“They must visit and speak to the people in Wales, they must study the figures and look at the facts and avoid going down the same disastrous road if they do not wish to kill local community spirit and personal relationships, dry up donations and see church closures and sales which proclaim loud and clear their failure to keep the flame of Christianity alive.”
So, the ‘secrets of our success?’ In summary, a lot of good luck, excellent priests, a close relationship with our neighbouring parish, a priest living in the centre of that parish and overall the sense that we remain in charge of our own destiny rather than being absorbed and diluted within a much larger benefice.
Read original “The Parish Share often goes towards vital resources such as paying for a vicar. However, rural congregants and clergy are warning that they have been forced to share one vicar across multiple parishes, or claim they have been Read more…
“THE depth of anger expressed in recent responses to the so-called “Church Closers’ Charter” — the now infamous GS2222 — reflects a widening culture gap not only between diocese and parish, but also between urban and rural church life.”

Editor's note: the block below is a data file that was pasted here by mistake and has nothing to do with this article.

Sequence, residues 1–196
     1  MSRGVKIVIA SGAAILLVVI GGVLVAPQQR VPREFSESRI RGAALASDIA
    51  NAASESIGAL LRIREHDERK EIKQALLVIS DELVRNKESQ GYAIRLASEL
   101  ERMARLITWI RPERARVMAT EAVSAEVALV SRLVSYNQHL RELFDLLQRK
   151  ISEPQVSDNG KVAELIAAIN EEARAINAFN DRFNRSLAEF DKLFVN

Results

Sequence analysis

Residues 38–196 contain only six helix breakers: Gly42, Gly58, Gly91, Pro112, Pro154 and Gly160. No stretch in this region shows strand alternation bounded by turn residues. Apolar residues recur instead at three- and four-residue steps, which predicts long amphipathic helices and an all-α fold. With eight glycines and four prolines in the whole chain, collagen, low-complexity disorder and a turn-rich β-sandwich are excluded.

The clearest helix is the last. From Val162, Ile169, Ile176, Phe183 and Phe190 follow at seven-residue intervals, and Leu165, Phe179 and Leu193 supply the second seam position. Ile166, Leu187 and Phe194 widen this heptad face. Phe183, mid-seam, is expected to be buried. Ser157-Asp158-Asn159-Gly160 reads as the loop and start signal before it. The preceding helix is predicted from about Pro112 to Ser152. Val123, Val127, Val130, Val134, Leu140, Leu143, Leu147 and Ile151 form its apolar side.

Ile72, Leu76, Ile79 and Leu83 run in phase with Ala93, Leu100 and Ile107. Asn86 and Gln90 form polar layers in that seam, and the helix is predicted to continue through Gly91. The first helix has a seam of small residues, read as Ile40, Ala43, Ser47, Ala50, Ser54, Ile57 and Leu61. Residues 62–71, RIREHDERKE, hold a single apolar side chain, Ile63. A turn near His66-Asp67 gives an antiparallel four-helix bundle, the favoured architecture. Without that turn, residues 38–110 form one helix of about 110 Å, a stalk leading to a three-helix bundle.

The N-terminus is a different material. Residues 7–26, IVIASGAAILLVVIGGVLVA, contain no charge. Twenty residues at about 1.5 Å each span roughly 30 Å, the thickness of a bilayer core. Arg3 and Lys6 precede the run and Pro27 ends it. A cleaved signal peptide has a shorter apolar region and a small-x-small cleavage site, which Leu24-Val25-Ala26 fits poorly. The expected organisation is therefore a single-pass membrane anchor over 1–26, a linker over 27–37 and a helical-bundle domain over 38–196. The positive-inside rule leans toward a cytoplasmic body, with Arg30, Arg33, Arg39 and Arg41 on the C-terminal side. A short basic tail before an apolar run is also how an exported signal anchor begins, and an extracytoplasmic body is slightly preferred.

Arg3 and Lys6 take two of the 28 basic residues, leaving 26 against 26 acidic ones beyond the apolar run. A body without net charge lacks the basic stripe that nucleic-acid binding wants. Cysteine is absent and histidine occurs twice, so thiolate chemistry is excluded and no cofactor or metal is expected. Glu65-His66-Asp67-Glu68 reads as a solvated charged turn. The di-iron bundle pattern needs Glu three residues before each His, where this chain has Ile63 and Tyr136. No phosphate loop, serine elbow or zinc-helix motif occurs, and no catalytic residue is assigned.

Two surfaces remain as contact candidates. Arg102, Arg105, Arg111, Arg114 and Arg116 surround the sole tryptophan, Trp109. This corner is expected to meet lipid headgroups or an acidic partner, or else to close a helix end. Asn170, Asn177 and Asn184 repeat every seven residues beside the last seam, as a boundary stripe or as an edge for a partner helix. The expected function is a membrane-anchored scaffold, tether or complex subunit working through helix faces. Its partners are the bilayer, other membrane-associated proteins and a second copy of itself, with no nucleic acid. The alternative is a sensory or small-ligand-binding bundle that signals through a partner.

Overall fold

In total, 1686 responses were received with most — 1495 — sent by individuals. Of
these, the vast majority were lay people, generally regular churchgoers, PCC
members, churchwardens, and volunteers. Most raised “signi#cant concerns”,
In most cases, PCC amalgamations should be resisted – by politely saying ‘no thank you’ and staying firm, even under pressure to change. Reason: the PCC is the legal entity, and there are no better guardians of a particular church than the local people who attend it and live near it.
“The number of worshippers will only grow if the Church recovers its understanding of its central purpose.”
WE require a wider purpose and a broader vision. A rethinking of cura
animarum — the cure of souls — provides a good foundation. Although it has an
ancient and archaic ring, it is a surprisingly contemporary idea. Its origins are
Roman and about authority in a particular place; but its expression comes from the
Saxon idea of the Church’s underpinning the formation of the nation, as a function
of the spiritual, moral, and material welfare of the people.
Letters: Parishes have borne the brunt of the Church’s unchecked bureaucracy | Various, the Telegraph
“As the Civil Service, the NHS, and the Home Office, the first response to any problem is to recruit more bureaucrats. So, over the past 30 years, we have seen diocesan bureaucracies increase drastically, while the number of parish priests has fallen.”